The WAP complex (or w national park) is a trans-frontier park

Consisting of W national park in Niger,  Arli National Park in Burkina Faso and Pendjari National Park in Benin, this trans-frontier national park is incredible important.

So what makes this place important?

Watch this short video to see many of the wildlife of this essential transboundary national park

About 90% of the west African lion population live here (remember that genetic differences are so minor, west African and central African lions are essentially the same subspecies – and have been shown to belong the the Asiatic lion sub-species. Asiatic and African lions have been shown to be the same species. This place consists of 3 national parks and about 14 hunting blocks. With a population that is numbered between 250 and 450 adult members, the total size of this lion population is not dissimilar to the Gir forest in India.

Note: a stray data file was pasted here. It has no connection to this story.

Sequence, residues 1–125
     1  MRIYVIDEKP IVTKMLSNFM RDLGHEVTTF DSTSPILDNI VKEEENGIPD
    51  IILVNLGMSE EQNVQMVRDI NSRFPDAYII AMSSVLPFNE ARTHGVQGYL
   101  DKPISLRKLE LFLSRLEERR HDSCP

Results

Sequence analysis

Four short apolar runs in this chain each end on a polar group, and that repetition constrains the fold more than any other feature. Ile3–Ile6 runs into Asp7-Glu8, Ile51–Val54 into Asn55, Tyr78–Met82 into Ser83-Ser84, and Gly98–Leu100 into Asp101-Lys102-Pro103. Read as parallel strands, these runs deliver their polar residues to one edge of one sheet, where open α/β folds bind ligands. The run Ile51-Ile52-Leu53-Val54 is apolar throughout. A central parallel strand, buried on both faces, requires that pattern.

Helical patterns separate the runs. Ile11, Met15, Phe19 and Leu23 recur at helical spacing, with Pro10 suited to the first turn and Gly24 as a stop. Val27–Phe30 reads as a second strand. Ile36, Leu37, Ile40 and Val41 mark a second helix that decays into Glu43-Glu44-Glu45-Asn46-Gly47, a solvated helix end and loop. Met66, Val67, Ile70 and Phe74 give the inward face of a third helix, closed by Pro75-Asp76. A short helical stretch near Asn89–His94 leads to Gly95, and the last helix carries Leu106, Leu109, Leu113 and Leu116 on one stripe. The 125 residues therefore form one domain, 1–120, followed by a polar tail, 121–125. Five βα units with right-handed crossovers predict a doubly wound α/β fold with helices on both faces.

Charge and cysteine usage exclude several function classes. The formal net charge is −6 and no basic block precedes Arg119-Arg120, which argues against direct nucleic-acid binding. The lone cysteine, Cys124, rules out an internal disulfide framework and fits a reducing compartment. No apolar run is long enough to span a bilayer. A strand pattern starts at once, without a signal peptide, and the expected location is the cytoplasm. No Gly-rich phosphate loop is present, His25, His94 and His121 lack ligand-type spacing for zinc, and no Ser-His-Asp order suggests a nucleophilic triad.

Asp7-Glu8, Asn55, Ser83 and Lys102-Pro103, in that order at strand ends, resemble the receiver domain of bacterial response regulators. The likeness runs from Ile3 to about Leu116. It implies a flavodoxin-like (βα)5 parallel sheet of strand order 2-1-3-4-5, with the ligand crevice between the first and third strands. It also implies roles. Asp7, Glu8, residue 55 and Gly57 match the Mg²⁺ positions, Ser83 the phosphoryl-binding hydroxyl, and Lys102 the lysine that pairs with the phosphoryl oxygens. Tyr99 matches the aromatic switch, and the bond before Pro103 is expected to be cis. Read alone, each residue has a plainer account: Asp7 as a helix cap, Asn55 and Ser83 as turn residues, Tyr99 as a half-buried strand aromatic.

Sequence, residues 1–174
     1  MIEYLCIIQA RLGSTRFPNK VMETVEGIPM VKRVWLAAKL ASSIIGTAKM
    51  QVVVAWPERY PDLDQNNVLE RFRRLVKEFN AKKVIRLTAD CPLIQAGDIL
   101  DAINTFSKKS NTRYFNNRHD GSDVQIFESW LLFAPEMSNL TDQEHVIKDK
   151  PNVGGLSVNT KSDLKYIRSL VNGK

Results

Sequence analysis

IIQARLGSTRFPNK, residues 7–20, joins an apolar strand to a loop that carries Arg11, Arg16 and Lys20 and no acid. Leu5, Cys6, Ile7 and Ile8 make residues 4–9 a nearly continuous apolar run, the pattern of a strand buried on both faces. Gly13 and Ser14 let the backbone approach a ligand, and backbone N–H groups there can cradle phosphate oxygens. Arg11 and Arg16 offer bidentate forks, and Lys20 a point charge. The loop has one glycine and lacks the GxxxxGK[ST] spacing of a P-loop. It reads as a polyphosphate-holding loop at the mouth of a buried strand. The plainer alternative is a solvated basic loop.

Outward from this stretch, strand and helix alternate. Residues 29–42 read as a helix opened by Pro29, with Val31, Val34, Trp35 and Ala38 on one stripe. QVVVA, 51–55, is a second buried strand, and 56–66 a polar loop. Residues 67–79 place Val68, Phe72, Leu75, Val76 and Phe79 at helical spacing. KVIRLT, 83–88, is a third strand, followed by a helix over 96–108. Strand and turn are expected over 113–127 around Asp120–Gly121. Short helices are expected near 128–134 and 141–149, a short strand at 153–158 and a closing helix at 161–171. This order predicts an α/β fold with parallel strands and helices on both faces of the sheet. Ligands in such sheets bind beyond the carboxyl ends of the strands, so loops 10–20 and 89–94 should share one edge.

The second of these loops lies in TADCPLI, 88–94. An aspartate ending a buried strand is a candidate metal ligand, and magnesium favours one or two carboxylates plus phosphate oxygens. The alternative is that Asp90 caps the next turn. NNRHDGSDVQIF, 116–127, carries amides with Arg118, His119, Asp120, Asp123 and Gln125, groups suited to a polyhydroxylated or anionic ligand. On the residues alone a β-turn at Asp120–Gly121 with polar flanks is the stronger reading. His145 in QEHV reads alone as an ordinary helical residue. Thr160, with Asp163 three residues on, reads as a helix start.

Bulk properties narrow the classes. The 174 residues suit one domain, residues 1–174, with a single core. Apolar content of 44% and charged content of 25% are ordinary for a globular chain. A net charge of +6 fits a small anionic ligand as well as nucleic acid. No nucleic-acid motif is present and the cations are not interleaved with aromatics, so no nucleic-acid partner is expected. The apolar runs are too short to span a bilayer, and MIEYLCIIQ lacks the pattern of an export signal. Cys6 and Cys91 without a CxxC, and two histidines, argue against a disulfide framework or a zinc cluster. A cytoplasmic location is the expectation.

85% of this regions elephants also live within the reserve.

Leopards live within the reserve, along with cheetah and west African Manatee.

70 species of mammals have been recorded including in the complex including 10 species of antelope; four of Africa’s “Big Five” charismatic fauna: Lion Vulnerable to extinction, Elephant also vulnerable to extinction, Buffalo least concern and Leopard Vulnerable to extinction; and three species of primates.
The WAP Complex is also home to 460 bird species, 80 reptiles and 120 fish species and has a notable insect diversity. 110 species of mammals were reported in some meetings, but mission confirmed more precisely that 77 species of large mammals are found inside the Complex it is likely that this ignores some bats and other small mammals.

There are western African Giraffe in the area, and given only 600 of this species lives in the wild it is likely to be a significant proportion of the wild population.

Although it is hard to find an accurate estimate for the number of cheetah in the reserve, it is thought to be the only remaining long term viable population – there are only about 250 mature Saharan (west African) cheetah living in the wild. As such even a population of just 50 would be significant.

I hope to be able to add as many links as possible to make travel to this area easier to arrange. Do fill in the forms from the front page of the website, should you wish to list your wild opportunity in this area.

See Animals Wild